where \(n_{l} > 0\) (\(l=1,2\)) is the Manning coefficient. Note that \(S_{1}(U)\) is only defined where \(h_{2}(x,y,t) = 0\). In this case, \(m_{f} = 0\) and \(n_{2} = 0\). Similarly, if \(h_{1}(x,y,t) = 0\) then \(m_{f} = 0\) and \(n_{1} = 0\).
Finally, the Coulomb friction term \(\boldsymbol {\tau }= (\tau_{x}, \tau_{y})\) controls the stopping mechanism of the landslide and it is defined as follows:
where \(\sigma^{c} = g (1r) h_{2} \tan(\alpha)\), being α the Coulomb friction angle. Let us remark that r is set to zero in \(\sigma^{c}\) and τ, if \(h_{1}(x,y,t)=0\), that is, if it is an aerial landslide.
Note that the previous model reduces to the usual onelayer shallowwater system if \(h_{2}=0\) and to the SavageHutter model if \(h_{1}=0\).
Finally, some stationary solutions of interest for the above system are those of water at rest, i.e., \({\mathbf {u}}_{l}={\mathbf{0}}\), \(l=1,2\) are given by:
and, in particular,
are solutions of the previous system.
Notice that both systems (1) and (3) can be rewritten as
by considering \(W=[ U,H]^{T}\) and
where \(J_{i}(U)=\frac{\partial F_{i}}{\partial U} (U)\), \(i=1,2\) denote the Jacobians of the fluxes \(F_{i}\), \(i=1,2\) and
The term \(\widetilde{S}_{F}(W)\), that corresponds to the different parameterizations of the friction terms, will be discretized semiimplicitly as in [6, 39] or [40]. Therefore, at this stage will be neglected, and we consider the homogeneous system
where \(W(\mathbf{x},t)\) takes values on a convex domain Ω of \(\mathbb{R}^{N}\) and \(\mathcal{A}_{i}\), \(i=1,2\), are two smooth and locally bounded matrixvalued functions from Ω to \(\mathcal {M}_{N \times N}(\mathbb{R})\). We also assume that (7) is strictly hyperbolic, i.e. for all \(W \in\Omega\) and \(\forall{ \boldsymbol {\eta }}=(\eta_{x},\eta _{y}) \in\mathbb{R}^{2}\), the matrix
has N real and distinct eigenvalues
and \(\mathcal{A}(W,\boldsymbol {\eta })\) is thus diagonalizable.
The nonconservative products \(\mathcal{A}_{1}(W)W_{x}\) and \(\mathcal {A}_{2}(W)W_{y}\) do not make sense as distributions if W is discontinuous. However, the theory developed by Dal Maso, LeFloch and Murat in [7] allows to give a rigorous definition of nonconservative products as bounded measures provided that a family of Lipschitz continuous paths \(\Phi\colon[0,1]\times\Omega\times \Omega\times\mathcal{S}^{1}\to\Omega\) is prescribed, where \(\mathcal {S}^{1} \subset\mathbb{R}^{2}\) denotes the unit sphere. This family must satisfy certain natural regularity conditions, in particular:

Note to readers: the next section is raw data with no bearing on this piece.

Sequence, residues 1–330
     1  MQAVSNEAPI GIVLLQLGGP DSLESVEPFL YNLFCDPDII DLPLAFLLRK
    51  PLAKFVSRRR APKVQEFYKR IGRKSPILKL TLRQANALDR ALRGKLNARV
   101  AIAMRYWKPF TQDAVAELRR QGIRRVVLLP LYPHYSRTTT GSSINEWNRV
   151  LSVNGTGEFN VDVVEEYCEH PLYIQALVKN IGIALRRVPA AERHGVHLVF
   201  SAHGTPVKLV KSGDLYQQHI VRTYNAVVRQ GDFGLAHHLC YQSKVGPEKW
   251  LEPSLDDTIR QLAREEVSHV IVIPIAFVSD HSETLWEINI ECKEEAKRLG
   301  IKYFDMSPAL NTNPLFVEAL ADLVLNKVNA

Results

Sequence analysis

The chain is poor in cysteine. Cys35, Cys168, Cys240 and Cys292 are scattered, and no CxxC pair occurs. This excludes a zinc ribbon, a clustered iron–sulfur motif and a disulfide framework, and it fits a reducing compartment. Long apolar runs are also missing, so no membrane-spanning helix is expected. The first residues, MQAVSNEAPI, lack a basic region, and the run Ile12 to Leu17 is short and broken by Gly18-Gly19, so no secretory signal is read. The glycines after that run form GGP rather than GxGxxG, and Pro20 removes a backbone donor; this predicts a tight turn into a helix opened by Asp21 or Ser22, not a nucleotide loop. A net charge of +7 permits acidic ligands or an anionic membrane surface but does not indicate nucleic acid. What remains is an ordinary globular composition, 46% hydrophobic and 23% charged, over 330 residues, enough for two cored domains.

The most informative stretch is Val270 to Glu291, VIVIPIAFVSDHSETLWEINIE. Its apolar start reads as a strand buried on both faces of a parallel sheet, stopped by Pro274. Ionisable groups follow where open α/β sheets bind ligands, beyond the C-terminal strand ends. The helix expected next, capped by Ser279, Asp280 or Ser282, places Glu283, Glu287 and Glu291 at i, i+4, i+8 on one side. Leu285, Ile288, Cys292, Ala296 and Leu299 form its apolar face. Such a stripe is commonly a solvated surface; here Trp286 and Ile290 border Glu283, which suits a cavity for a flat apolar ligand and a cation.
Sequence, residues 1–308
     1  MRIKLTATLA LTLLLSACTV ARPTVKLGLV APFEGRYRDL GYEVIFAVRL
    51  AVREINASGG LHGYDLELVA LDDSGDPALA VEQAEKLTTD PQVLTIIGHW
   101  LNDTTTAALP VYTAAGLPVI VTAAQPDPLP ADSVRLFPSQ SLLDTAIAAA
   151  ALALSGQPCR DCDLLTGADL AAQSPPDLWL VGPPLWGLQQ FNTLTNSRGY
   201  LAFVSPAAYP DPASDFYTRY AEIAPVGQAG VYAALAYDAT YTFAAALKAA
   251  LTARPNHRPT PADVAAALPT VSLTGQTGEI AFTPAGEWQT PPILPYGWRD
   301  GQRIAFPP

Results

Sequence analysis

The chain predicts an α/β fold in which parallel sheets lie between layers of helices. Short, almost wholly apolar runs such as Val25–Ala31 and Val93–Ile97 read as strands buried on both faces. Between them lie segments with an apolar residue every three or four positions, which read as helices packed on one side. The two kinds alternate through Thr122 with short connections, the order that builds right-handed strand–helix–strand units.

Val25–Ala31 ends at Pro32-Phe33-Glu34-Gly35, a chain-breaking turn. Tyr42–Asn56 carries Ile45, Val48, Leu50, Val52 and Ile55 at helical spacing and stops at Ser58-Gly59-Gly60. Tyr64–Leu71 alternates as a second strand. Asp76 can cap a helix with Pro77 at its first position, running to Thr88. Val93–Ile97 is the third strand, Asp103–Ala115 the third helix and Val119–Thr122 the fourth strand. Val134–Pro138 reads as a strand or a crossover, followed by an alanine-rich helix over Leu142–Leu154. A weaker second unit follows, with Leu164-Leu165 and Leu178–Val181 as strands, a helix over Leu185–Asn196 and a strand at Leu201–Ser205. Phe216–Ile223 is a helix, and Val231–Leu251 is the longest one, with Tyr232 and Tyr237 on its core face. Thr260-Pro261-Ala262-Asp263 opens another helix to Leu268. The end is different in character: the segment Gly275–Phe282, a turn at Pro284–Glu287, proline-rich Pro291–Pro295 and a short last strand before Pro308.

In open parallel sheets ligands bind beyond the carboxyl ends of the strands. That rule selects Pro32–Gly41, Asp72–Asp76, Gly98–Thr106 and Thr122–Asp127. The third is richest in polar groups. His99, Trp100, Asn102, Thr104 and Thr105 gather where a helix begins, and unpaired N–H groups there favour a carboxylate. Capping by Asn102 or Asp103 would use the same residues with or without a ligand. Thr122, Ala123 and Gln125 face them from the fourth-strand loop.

1.
\(\Phi(0;W_{L},W_{R}, \boldsymbol {\eta })=W_{L}\) and \(\Phi(1;W_{L},W_{R}, \boldsymbol {\eta })=W_{R}\), for any \(W_{L},W_{R}\in\Omega\), \(\boldsymbol {\eta }\in\mathcal{S}^{1}\).

2.
\(\Phi(s;W_{L},W_{R}, \boldsymbol {\eta }) = \Phi(1s;W_{R},W_{L}, \boldsymbol {\eta })\), for any \(W_{L},W_{R}\in\Omega\), \(s \in[0,1]\), \(\boldsymbol {\eta }\in\mathcal{S}^{1}\).
The choice of this family of paths should be based on the physics of the problem: for instance, it should be based on the viscous profiles corresponding to a regularized system in which some of the neglected terms (e.g. the viscous terms) are taken into account. Unfortunately, the explicit calculations of viscous profiles for a regularization of (7) is in general a difficult task. A detailed description of how paths can be chosen is discussed in [8]. An alternative is to choose the ‘canonical’ choice given by the family of segments:
that corresponds to the definition of nonconservative products proposed by Volpert (see [41]). As shown in [42], segments paths is a sensible choice as the it will provide third order approximation in the phase plane of the correct jump condition.
Suppose that a family of paths Φ in Ω has been chosen. Then a piecewise regular function W is a weak solution of (7) if and only if the two following conditions are satisfied:

(i)
W is a classical solution where it is smooth.

(ii)
At every point of a discontinuity W satisfies the jump condition
$$ \int_{0}^{1} \bigl(\sigma\mathcal{I} \mathcal{A} \bigl(\Phi \bigl(s;W^{},W^{+}, \boldsymbol {\eta }\bigr), \boldsymbol {\eta }\bigr) \bigr) \frac {\partial\Phi}{\partial s} \bigl(s;W^{},W^{+}, \boldsymbol {\eta }\bigr)\,ds=0, $$(9)where \(\mathcal{I}\) is the identity matrix; σ, the speed of propagation of the discontinuity; η a unit vector normal to the discontinuity at the considered point; and \(W^{}\), \(W^{+}\), the lateral limits of the solution at the discontinuity.
As in conservative systems, together with the definition of weak solutions, a notion of entropy has to be chosen. We will assume here that the system can be endowed with an entropy pair \((\mathcal{H}, \mathbf{G})\), i.e. a pair of regular functions \(\mathcal{H}: \Omega \to\mathbb{R}\) and \(\mathbf{G} = (G_{1}, G_{2}): \Omega\to\mathbb{R}^{2}\) such that:
Then, a weak solution is said to be an entropy solution if it satisfies the inequality
in the sense of distributions.
3 Highorder finite volume schemes